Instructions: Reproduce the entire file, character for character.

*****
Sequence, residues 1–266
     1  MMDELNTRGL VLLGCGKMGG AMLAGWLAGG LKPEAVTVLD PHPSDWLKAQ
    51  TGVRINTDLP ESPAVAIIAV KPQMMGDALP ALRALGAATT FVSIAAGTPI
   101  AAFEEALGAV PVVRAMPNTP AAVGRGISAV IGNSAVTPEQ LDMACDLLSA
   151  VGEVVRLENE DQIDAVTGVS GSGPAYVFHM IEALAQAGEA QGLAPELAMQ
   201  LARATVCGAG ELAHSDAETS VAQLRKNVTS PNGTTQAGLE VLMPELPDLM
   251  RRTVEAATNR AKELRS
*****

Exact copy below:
Sequence, residues 1–266
     1  MMDELNTRGL VLLGCGKMGG AMLAGWLAGG LKPEAVTVLD PHPSDWLKAQ
    51  TGVRINTDLP ESPAVAIIAV KPQMMGDALP ALRALGAATT FVSIAAGTPI
   101  AAFEEALGAV PVVRAMPNTP AAVGRGISAV IGNSAVTPEQ LDMACDLLSA
   151  VGEVVRLENE DQIDAVTGVS GSGPAYVFHM IEALAQAGEA QGLAPELAMQ
   201  LARATVCGAG ELAHSDAETS VAQLRKNVTS PNGTTQAGLE VLMPELPDLM
   251  RRTVEAATNR AKELRS